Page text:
Drug dealer who was shot sentenced to combination order

The courthouse at Bishop Street, Derry.
The courthouse at Bishop Street, Derry.

A self-confessed drugs dealer who was shot in the leg six days after he admitted drugs offences has been sentenced to an Enhanced Combination Order.

Emmet Smith, 25, from Mimosa Court, was shot in the leg by one of three masked individuals who forced their way into his home on September 30.

As the result of the gunshot wound which he sustained to his right leg, Smith has continuing mobility issues.

Smith pleaded guilty to being concerned in supplying both cocaine and cannabis and to possessing the drugs along with the drug diazepam.

The offences were committed between September 2016 and February of this year, when quantities of the drugs were found at his then address in Lower Nassau Street.

Derry Crown Court heard that Smith’s offending was discovered when mobile phones belonging to other suspected drugs dealers were seized by police. The police found details of Smith’s offers to supply drugs on the phones and similar messages were found on a tablet seized by the police during their investigations.

Police searched Smith’s then Lower Nassau Street address and following the discovery of drugs and mobile phones he was arrested.

In his initial interview with the police Smith denied the offences.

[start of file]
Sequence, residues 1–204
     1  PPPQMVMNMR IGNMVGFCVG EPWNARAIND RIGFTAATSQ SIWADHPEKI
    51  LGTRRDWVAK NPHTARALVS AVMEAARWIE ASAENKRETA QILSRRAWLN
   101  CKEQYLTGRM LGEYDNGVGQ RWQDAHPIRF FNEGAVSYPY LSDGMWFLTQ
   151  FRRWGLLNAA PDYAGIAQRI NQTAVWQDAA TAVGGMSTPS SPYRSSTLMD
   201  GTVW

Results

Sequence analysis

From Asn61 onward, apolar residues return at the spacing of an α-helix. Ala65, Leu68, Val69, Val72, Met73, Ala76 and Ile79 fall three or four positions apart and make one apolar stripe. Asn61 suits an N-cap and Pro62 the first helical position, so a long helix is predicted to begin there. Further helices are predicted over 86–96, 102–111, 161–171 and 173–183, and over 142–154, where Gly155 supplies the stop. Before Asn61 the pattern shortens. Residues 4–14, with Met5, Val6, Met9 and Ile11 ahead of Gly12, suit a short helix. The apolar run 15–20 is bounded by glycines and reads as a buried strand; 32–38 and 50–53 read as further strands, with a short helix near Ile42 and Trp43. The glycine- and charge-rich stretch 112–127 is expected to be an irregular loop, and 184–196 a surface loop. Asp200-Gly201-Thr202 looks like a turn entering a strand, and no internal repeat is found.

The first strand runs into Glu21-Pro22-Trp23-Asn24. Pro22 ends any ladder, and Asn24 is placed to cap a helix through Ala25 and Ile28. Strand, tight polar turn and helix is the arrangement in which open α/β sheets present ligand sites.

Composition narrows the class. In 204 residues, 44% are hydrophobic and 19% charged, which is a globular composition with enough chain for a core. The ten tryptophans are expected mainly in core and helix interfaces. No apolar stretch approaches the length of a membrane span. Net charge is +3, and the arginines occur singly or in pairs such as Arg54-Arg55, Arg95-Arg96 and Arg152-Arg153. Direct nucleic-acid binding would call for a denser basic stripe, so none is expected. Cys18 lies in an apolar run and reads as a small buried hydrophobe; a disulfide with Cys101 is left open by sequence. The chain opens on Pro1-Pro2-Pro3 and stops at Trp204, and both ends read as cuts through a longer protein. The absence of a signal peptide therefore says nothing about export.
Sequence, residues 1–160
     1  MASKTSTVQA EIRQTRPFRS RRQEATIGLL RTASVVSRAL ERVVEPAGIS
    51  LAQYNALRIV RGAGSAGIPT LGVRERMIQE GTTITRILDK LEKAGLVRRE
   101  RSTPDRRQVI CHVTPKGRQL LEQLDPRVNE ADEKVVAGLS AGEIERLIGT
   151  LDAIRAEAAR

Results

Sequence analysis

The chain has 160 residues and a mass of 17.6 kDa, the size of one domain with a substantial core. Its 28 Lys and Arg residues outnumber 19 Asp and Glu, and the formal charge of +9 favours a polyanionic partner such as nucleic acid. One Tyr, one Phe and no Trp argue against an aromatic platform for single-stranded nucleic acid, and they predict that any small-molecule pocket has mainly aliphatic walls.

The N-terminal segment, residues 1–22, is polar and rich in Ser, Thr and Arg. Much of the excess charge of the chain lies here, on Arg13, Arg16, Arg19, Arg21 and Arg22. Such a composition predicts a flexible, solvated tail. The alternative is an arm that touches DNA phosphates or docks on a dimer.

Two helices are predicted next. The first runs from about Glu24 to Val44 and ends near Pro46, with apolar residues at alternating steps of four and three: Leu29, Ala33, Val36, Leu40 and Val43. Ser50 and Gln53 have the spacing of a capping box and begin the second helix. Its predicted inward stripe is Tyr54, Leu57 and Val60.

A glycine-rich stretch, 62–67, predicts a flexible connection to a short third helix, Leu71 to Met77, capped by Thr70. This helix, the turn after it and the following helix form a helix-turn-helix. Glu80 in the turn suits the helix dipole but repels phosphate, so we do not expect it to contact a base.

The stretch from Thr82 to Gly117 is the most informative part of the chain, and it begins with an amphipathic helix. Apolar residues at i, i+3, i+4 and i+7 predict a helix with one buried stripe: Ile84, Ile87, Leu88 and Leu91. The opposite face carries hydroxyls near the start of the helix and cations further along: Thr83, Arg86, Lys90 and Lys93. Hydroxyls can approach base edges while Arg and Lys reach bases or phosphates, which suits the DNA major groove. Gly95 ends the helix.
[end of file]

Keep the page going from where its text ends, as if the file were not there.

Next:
However in a second interview twenty minutes later he admitted the drugs offences.

The 25-year-old told police he was dealing drugs in order to pay for his own addiction.

He told police he had a £2,000 drugs debt, but later told Probation it was a £5,000 debt.

Smith also claimed he never kept the drugs in his home, rather he hid them in a nearby field.

The court heard that Smith has been assessed as posing a high likelihood of re-offending

Passing sentence, Judge Philip Babington said that while the defence described Smith as a low level drugs dealer who did not live an extravagant lifestyle, he still contributed to “the vicious circle of drugs in this city”.

Judge Babington said while the offending had passed the custody threshold, he took into consideration Smith’s full admissions and the fact that he had already spent three months in custody on the charges.

He said that with some reluctance he was imposing an Enhanced Combination Order, the terms of which mean Smith will be on probation for the maximum period of three years.

The defendant will have to complete 100 hours of community service.

Judge Babington said the order was a strict enforcement regime and warned Smith if he breached any of the order’s terms he would be brought back to court and in all likelihood sent straight to jail.